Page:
|Matthew Henry's Concise Commentary|
9:15-23 It is the glory of a minister to deny himself, that he may serve Christ and save souls. But when a minister gives up his right for the sake of the gospel, he does more than his charge and office demands. By preaching the gospel, freely, the apostle showed that he acted from principles of zeal and love, and thus enjoyed much comfort and hope in his soul. And though he looked on the ceremonial law as a yoke taken off by Christ, yet he submitted to it, that he might work upon the Jews, do away their prejudices, prevail with them to hear the gospel, and win them over to Christ. Though he would transgress no laws of Christ, to please any man, yet he would accommodate himself to all men, where he might do it lawfully, to gain some. Doing good was the study and business of his life; and, that he might reach this end, he did not stand on privileges. We must carefully watch against extremes, and against relying on any thing but trust in Christ alone. We must not allow errors or faults, so as to hurt others, or disgrace the gospel.
Verse 20. - Unto the Jews I became as a Jew. When, for instance, he circumcised Timothy (Acts 12:3) and probably Titus also (Galatians 2:3; see 'Life of St Paul,' 1. 412, sqq.); and he was continuing this principle of action when he took the vow of the Nazarite (Acts 21:21-26), and called himself "a Pharisee, a son of Pharisees" (Acts 23:6). To them that are under the Law. That is, not only to Jews, but even to the most rigorous legalists among the Jews. It should be carefully observed that St. Paul is here describing the innocent concessions and compliances which arise from the harmless and generous condescension of a loving spirit. He never sank into the fear of man, which made Peter at Antioch unfaithful to his real principles. He did not allow men to form from his conduct any mistaken inference as to his essential views. He waived his personal predilections in matters of indifference which only affected "the infinitely little."
Gill's Exposition of the Entire Bible
And unto the Jews I became as a Jew,.... That is, in religion; or with respect to some religious observances peculiar to the Jews, for he himself was really a Jew by nature; who became as one unto them in this sense, when he for their sakes circumcised Timothy at Derbe, or Lystra, purified himself at Jerusalem, shaved his head at Cenchrea, observed their sabbath, and abstained from some sorts of food forbidden in the law; and his end in so doing was, not to confirm them in such usages, but that he might hereby have the greater influence over them, and by little and little bring them off of these things, or, as he says,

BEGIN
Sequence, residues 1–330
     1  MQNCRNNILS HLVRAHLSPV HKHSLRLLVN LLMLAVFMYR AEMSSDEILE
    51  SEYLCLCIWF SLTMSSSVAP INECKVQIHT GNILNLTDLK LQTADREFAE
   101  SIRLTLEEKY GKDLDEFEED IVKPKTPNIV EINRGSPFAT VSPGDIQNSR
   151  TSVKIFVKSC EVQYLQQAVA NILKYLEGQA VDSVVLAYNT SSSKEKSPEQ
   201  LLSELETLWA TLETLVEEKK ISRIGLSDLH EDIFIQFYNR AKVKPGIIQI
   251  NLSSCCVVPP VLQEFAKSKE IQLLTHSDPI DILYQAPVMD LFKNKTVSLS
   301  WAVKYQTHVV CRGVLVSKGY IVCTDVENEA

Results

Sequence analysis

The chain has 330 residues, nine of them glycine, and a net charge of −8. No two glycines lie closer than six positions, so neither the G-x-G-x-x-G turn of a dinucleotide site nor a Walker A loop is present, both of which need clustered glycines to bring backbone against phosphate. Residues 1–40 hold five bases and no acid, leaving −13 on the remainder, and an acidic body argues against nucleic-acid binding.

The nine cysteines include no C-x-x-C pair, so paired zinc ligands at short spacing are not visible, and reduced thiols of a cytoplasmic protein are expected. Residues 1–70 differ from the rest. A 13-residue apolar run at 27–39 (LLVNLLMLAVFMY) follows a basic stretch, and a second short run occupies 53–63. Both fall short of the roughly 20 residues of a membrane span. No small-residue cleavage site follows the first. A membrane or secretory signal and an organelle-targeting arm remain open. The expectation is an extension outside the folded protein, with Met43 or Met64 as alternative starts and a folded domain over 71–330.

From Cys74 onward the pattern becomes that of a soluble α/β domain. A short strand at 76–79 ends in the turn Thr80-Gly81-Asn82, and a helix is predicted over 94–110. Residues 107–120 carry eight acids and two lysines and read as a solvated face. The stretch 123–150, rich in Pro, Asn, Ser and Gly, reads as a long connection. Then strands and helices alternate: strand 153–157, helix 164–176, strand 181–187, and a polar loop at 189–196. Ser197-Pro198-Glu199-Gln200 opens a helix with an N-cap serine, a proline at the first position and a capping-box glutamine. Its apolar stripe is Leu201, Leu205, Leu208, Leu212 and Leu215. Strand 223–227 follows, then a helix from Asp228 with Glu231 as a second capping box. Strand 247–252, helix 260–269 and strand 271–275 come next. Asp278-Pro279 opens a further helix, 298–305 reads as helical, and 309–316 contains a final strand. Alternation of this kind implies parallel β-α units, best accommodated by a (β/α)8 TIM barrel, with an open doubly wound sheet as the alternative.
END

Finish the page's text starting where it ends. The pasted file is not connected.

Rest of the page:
that I might gain the Jews; bring them over to Christ, and off of a dependence on their own righteousness, for justification before God:
to them that are under the law, as under the law; the Vulgate Latin version adds, "when I was not under the law", and so the Alexandrian copy and some others; by whom seem to be meant the same persons as before; though some have thought that the Samaritans are intended, and others the Sadducees: but if any as distinct from the former are designed, they should rather seem to be the converted Jews; who though they believed in Christ, looked upon themselves to be still under the law, and therefore observed it; with whom the apostle on certain occasions complied, as if he was under it too, that he might have the greater share in their affections and credit; hoping in time that by such means he might be able to prevail upon them to relinquish these things, and wholly attend to the Gospel and ordinances of Christ, or, as he says,
that I might gain them that are under the law; meaning the Jews, who were observers of the law of Moses.
Jamieson-Fausset-Brown Bible Commentary
20. I became as a Jew—in things not defined by the law, but by Jewish usage. Not Judaizing in essentials, but in matters where there was no compromise of principle (compare Ac 16:3; 21:20-26); an undesigned coincidence between the history and the Epistle, and so a sure proof of genuineness.
to them that are under the law, as under the law—in things defined by the law; such as ceremonies not then repugnant to Christianity. Perhaps the reason for distinguishing this class from the former is that Paul himself belonged nationally to "the Jews," but did not in creed belong to the class of "them that are under the law." This view is confirmed by the reading inserted here by the oldest manuscripts, versions, and Fathers, "not being (that is, parenthetically, 'not that I am') myself under the law."
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